John Britten and Desmond Norman had trained with the de Havilland company and found they both shared a dream – to design and build aircraft of their own. They also shared a passion for sailing and they designed together a 70-foot schooner, the Wavewalker, so well shaped that in later years she would survive a force 11 storm in the Pacific, hit by a wall of water.
The Britten-Norman route to aviation success began with crop spraying. They learned of a revolutionary rotary atomiser – the Micronair Atomiser – and they recognised its potential for use with small planes. They started by converting government surplus Tiger Moths and eventually had a fleet of 80 crop-spraying aircraft. They also collaborated with an American company which was producing a plane which subsequently became the Rockwell Thrush Commander.
Their crop-spraying operations were taking them to various parts in the world where they could see that new approaches to transportation were needed. What do you do in territory where roads are non-existent and costly to build and rivers are seasonally unnavigable? In 1960 they designed and built the world’s second hovercraft, to carry bananas from plantations in the Southern Cameroons. They set up a subsidiary company to manufacture it, which was later sold.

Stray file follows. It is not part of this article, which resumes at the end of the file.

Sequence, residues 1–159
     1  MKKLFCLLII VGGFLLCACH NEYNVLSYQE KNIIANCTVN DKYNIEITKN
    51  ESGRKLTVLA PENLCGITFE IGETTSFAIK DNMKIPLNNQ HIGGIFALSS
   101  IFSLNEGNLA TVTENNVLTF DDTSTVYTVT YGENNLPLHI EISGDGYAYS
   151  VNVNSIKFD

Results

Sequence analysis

A new type of aircraft
Then they came up with an all-round solution to the transportation problem: a new type of small aircraft, with short take-off and landing requirements, rugged go-anywhere construction, low capital cost in relation to seating capacity, and highly adaptable for a myriad of uses. Their experience in Africa has showed the potential for the plane; the challenge now was to find the capital to build it.
Selling out their share in the crop-spraying operations would raise some of the money, but to build the new plane and take it through its stages of development and testing required more. A bank loan was possible – but only if they could show they had a firm order, and here the problem was the old chicken-and-egg one, since before they could get an order, they had to have a working plane to show prospective customers. This is where providence, and Orkney, came in.
Solving two problems together